On the eve of what the President calls one of his most difficult decision days only a half-dozen or so people knew which way Jimmy Carter was going to go on the controversial B-1 bomber.
And even as he went on national TV in mid-morning to announce his decision, leaders in the House, including Speaker Thomas P. (Tip) O'Neill Jr. (D-Mass.), had not been informed about what action the President was taking.
Carter's decision came with stunning surprise in a capital that thought it had divined the answer, and was wrong. His decision to discontinue production of the $100 million plane was one that cut across the most sensitive political nerve ends of Washington - from peace and environmental lobbyists and arms contractors, Pentagon civilian planners and generals, to Capitol Hill liberals and conservatives.
Reaction was swift, and predictably strongly divided. The range went from the charge of "rank amateurism" by Republican leaders to praise for "courage" in "a historic event" from Sen. George McGovern (D-S.D.) of the often-critical Democratic left wing.
The key to Carter's decision remains somewhat murky. One of the most confusing aspects has to do with a House vote Tuesday to go ahead with the production of five of the big bombers. That vote, in turn, had been taken as a sign that Carter had changed his mind from his presidential campaign days after experiencing the realities of the White House.
House Appropriations Committee Chairman George H. Mahon (D-Tex.) said Tuesday he thought the President was going ahead. When he learned of Carter's decision yesterday, Mahon reacted with a rephrasing of the familiar, the President proposes, but the Congress disposes language.
"The President has the right to make recommendations," he said, "but under the Constitution, Congress has the responsibility for the defense of the country."
A different kind of action had come earlier from another powerful Democrat, Senate Majority Leader Robert C. Byrd (D-W.Va.).
Last weekend Byrd sent Carter a private four-page letter stating his strong opposition to the B-1. His concluding paragraph read:
"With the B-1 we are being asked to gamble a massive amount of public funds - tens of billions of dollars - on the B-1's being effective (and invulnerable) through the 1990s. The investment is simply too great to take that gamble. In the final analysis, it is a question of the best allocation of our resources. Spending $100 billion or more on the B-1 in the years ahead is not the best use of public funds. There are less expensive and more credible military alternatives and many unmet domestic needs for which the money would be better spent."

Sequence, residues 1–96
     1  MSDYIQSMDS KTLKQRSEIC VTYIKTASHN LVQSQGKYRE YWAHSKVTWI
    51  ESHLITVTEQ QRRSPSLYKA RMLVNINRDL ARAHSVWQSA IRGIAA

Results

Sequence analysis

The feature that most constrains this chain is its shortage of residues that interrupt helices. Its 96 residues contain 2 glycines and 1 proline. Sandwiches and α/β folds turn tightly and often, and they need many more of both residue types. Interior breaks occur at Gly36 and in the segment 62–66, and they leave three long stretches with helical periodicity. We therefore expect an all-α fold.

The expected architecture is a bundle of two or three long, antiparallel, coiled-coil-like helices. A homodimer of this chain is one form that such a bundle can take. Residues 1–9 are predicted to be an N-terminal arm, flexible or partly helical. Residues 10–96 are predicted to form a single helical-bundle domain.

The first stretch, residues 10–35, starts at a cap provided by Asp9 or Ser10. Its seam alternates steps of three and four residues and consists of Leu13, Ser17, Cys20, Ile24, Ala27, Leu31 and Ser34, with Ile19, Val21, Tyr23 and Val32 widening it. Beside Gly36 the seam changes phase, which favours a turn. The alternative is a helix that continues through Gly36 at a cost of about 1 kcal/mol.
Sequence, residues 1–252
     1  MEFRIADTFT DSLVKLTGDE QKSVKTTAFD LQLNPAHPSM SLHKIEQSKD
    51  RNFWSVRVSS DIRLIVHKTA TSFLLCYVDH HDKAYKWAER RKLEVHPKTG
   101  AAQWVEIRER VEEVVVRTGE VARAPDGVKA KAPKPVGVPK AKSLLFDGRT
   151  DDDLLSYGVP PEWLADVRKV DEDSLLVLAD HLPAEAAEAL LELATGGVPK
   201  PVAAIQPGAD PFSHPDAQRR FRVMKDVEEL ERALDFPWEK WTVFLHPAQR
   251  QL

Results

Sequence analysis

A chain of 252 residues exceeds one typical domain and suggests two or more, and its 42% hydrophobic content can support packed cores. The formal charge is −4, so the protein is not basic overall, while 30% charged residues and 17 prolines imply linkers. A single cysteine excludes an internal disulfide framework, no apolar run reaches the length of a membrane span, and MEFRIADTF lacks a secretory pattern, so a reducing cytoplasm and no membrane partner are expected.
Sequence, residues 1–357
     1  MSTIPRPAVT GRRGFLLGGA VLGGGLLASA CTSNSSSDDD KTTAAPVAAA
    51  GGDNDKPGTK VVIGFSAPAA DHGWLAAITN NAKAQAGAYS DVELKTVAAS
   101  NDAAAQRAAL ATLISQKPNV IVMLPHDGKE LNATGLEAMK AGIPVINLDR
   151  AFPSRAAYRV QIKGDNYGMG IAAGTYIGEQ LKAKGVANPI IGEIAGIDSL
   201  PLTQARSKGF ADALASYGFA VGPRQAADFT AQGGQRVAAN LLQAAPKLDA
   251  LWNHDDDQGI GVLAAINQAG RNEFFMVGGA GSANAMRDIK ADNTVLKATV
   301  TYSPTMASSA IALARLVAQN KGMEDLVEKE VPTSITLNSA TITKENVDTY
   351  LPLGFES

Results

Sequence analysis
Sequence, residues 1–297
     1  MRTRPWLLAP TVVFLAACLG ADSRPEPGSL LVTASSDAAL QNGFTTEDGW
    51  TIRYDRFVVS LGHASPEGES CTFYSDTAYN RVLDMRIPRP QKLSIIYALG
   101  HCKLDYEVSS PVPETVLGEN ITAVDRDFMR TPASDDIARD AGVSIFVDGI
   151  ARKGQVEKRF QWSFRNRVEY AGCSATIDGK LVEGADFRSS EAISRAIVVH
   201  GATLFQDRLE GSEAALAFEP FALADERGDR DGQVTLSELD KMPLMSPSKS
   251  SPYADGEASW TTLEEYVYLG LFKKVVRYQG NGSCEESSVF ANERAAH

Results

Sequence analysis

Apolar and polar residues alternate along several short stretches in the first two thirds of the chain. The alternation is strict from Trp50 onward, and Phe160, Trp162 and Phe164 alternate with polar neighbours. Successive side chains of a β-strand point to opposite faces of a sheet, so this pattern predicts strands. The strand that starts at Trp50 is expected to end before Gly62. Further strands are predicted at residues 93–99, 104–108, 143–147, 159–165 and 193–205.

What weight Bryd's letter carried is not known at this writing.
It is known, though, that Carter relied more heavily on one person - his Defense Secretary, Harold Brown. The President and Brown conferred dozens of times about the B-1.
Some six weeks ago Brown sent Carter a series of papers with options he called "militarily sustainable." These included building the B-1: arming the present B-52 bomber fleet with cruise missiles, and converting civilian transports like the Boeing 747 to cruise missile launchers.
On June 1, the President received a package of graphs and charts and Pentagon analyses marked "secret" and "eyes only." These Defense Department papers made the rounds of Carter's White House, from his national security office, headed by Zbigniew Brzezinski, to his budget office, headed by Bert Lance.
For the President, the last three weeks were the most intensive times of study. Twice, he left his Oval office in mid-afternoon to devote full time to assessing the B-1 issue. Last weekend he devoted more review and thought to the issue while at his presidential retreat at Camp David.
On Monday he informed Brown that he was not leaning toward production of the bomber, Brown returned to the Pentagon. On Wednesday he delivered the essence of the positions outlined by the President at his news conference yesterday. In the meantime, Brown had commissioned an in-house study of his own. The conclusion: B-52s with cruise missiles would be good enough for the 1980s.
By midweek only a few others knew of the President's decision. These included Vice President Mondale and Carter's two key aides, Hamilton Jordan and Jody Powell.
Once announced, the decision began drawing a drumfire of praise and criticism. Of all the words uttered, perhaps the strongest were those of Rep. Robert K. Dornan (R-Calif.).
"They're breaking open the vodka bottles in Moscow," he said.
Dornan had other reasons to speak passionately. He represents the district where Rockwell International's B-1 division is located.